ISEAS Library Selects
 
Monthly Journal Articles on the
Southeast Asian Region
Extracted from Internet Sources
    
March 2019
Greetings

This issue of Monthly Articles Alert contains one article contributed by Dr Ooi Kee Beng, Senior Fellow, ISEAS - Yusof Ishak Institute.

This is an information alert service put together by the ISEAS Library that contains links to commentaries, blog and journal articles extracted from Internet sources covering Southeast Asia and special topics relevant to the research interest/direction/agenda of ISEAS.  

As part of the Library's ongoing efforts to make this reading experience more convenient for users, please click on any of the links below to directly access the subject of your immediate interest.
  
 
Country Studies
 
 Myanmar
Thailand
Vietnam
 
Southeast Asia Countries
 
Brunei Darussalam
Cambodia
Philippines
Singapore
Timor-Leste (East Timor)
 
Region
 
 
 
  
To view the full articles, please click on the hyperlink. 
The Library hopes to continue provide timely and relevant information that will meet your research needs. If you have not been receiving our Monthly Journal Articles Alert in your inbox, your email system could be treating this alert as spam. You may add "@iseas-edu.ccsend.com" and "@constantcontact.com" to Safe Senders List (white list) through your email platform. The detailed self-help steps are available on our Library FAQ webpage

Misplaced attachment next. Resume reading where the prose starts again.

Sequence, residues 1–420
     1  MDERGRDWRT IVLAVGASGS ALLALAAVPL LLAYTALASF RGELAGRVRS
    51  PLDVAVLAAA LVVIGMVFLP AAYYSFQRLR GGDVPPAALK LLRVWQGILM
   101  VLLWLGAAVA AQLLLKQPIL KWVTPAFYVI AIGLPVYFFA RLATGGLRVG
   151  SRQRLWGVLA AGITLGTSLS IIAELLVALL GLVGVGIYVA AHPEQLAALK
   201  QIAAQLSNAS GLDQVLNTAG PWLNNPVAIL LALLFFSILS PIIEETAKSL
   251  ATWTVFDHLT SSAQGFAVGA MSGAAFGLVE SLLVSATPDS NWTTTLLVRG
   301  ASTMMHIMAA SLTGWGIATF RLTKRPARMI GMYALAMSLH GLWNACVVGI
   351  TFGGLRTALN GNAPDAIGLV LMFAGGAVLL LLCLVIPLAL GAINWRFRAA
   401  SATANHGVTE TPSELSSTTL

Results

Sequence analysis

IndonesiaIndonesia

1
Dalam debat cawapres, baik Ma'ruf maupun Sandiaga gagal tawarkan program yang menjawab masalah [In vice-presidential debate, neither Ma'ruf nor Sandiaga offers solutions]: Secara umum, kedua kandidat belum memperlihatkan visi ketenagakerjaan yang cukup visioner. Baik Ma'ruf dan Sandiaga merespons topik-topik hangat seperti tenaga kerja di era revolusi industri 4.0, tenaga kerja asing, penyerapan tenaga kerja. Namun, mereka tidak menggariskan visi jangka panjang.

Hizkia Yosias Polimpung, Hardisman Dasman, Luhur Bima & Ni Luh Putu Maitra Agastya
Conversation
https://theconversation.com/dalam-debat-cawapres-baik-maruf-maupun-sandiaga-gagal-tawarkan-program-yang-menjawab-masalah-113720
 
 

2
Mengapa Indonesia perlu dorong petani alih profesi? Pentingnya Dana Desa [Why Indonesia needs to encourage farmers to change their profession: the importance of the Village Fund]: Ketika membuka acara Jakarta Food Summit tahun lalu, Wakil Presiden Jusuf Kalla mengungkapkan kekhawatirannya mengenai penurunan jumlah petani yang dianggap dapat mengganggu produksi pangan kita.